PDA

View Full Version : Memory Clamps?



NewPearlMan1
02-24-2003, 08:58 AM
This is a dumb question for someone who has been playing as long as I have, but I have never been a touring professional, and can count on two hands the number of times I have torn down/reset up my drum kit over the last 14 years.

What exactly is the purpose of memory clamps? In terms of what they do when the drums are set up, I understand. They prevent slippage. But I don't get the "memory" part, because cymbal stands and hardware with a memory clamp to remember how the stands were setup can't be collapsed for travel if there is a memory clamp in place, it would have to actually be taken apart into component pieces to be transported.

So do pros dismantle their hardware when it is transported, so the memory clamps are still in place? I am used to collapsing my hardware for travel, and thus the memory clamps are not used to "remember" how my kit was setup. And of course the big pain about that, is setting up my kit the same way twice.

So how do you touring people and pros use memory clamps, and how do you tear down your kits with them all over your hardware?

DED
02-24-2003, 10:12 AM
Memory clamps or memory locks are almost mandatory if you are setting up and tearing down every night or if you have someone else dealing with your gear.

With all the stand heights and positions pre-set you can duplicate your set up quickly and easily night after night. And if you're really thorough you can spike, or mark, the position of the stand legs on your rug and even your girlfriend can set up your kit!

The downside is that, yes, you do have to disassemble the hardware for transport and you'll need a larger case to accomodate all the pieces. And if you like to change your set up a lot you need to undo the clamps everytime you decide to lower a snare drum or adjust a boom arm.

I think it's worth it though. . .it speeds up my set up time quite a bit.

NewPearlMan1
02-24-2003, 10:46 AM
Thanks DED,

Yeah, I can really see how memory clamps can help you set up the drums consistantly in the same setup over and over again. Even though my drums stay put, they do help me when I need to change heads or clean drums and put the piece right back without repositioning it.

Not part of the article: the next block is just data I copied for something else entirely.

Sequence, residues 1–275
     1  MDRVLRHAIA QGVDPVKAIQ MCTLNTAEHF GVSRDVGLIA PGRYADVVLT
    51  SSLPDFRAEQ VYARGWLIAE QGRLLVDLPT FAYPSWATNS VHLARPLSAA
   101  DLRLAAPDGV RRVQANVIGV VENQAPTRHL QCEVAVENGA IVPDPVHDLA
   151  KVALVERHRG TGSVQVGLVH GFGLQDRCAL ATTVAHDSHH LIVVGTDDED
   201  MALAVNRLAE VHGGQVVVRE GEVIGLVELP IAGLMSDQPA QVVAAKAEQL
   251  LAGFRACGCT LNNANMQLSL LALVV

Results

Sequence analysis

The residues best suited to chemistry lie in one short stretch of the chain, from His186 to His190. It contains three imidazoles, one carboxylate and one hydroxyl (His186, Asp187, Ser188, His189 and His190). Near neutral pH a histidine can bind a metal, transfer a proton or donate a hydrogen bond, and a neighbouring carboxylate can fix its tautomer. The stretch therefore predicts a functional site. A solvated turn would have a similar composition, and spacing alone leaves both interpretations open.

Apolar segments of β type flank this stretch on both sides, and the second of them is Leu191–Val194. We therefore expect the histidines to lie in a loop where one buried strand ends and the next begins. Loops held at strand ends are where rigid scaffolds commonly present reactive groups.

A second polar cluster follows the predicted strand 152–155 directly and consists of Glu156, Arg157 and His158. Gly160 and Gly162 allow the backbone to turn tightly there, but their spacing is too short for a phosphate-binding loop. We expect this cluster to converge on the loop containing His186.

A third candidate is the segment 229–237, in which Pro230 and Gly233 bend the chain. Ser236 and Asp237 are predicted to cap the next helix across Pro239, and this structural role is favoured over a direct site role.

Since you tear down each piece of hardware to accomodate the clamps, I could see myself having to label every seperate part of each piece of hardware to make sure it goes where is needs to go. Maybe I'm overthinking this, but I just imagine myself holding the middle extension of a boom stand and saying "OK, where the hell did THIS go?"

Funny you mention your girlfriend setting up your kit. My first gig I tried to get my girlfriend (now wife) to help me. But I didn't train her very well and it was a mess. I don't think twice when I handle my hardware and take down/put up. I forget that drums are mostly completely foreign concepts to those unfamiliar with them. So much easier to say "take the guitar out of the case and hand it to me" rather than "set up my drums over there, please"!

doc_on_drums
02-26-2003, 06:04 PM
Originally posted by NewPearlMan1
Thanks DED,


Since you tear down each piece of hardware to accomodate the clamps, I could see myself having to label every seperate part of each piece of hardware to make sure it goes where is needs to go. Maybe I'm overthinking this, but I just imagine myself holding the middle extension of a boom stand and saying "OK, where the hell did THIS go?"


I get around this problem by setting the legs and the center section of every stand the same, the only variable from stand to stand is the top section and boom position. The stands that go to the left of the kit I put the boom arm to the left of the stand, stands on the right.... you get the picture. When I get it all set up I know at a glance if any stands are in the wrong place before I put the cymbals on.

brandrum
02-26-2003, 06:23 PM
a cheaper way would be to just mark your hardware with a marker or whatever and acheive the same effect.

SLIPKNOT1
02-26-2003, 06:45 PM
Originally posted by brandrum
a cheaper way would be to just mark your hardware with a marker or whatever and acheive the same effect.

Yeah, but with memory locks, you just drop all the arms into the holders. and they stop automatically and becuase they index, it will be at the correct angle also. You dont even have to look for a mark and they also act as a back up to eliminate any chance of slipping. I got enough memory locks to do all my cymbal booms for $20.00. Well worth it and alot easier to use and more reliable then Magic marker.

NewPearlMan1
02-27-2003, 07:53 AM
Another thing too about memory clamps: Pearl has them on the boom arm itself. And so if you left the memory clamp in place on teardown, and you didn't want to mess up the boom tilter angle to straighten out the stand for storage, you would need to remove the black cap at the end of the boom and slide the boom out to collapse the boom and stow it. Is this how you touring guys do it?

I like the idea doc had about keeping everything consistant up to the boom, and having the keyway set so that booms point left or right. But what if you have multiple booms on the right side and left side, how would you keep that straight?

I think the marker idea is the way to go. Not to replace the memory clamps, but to number the pieces with a marker and assemble it like a puzzle.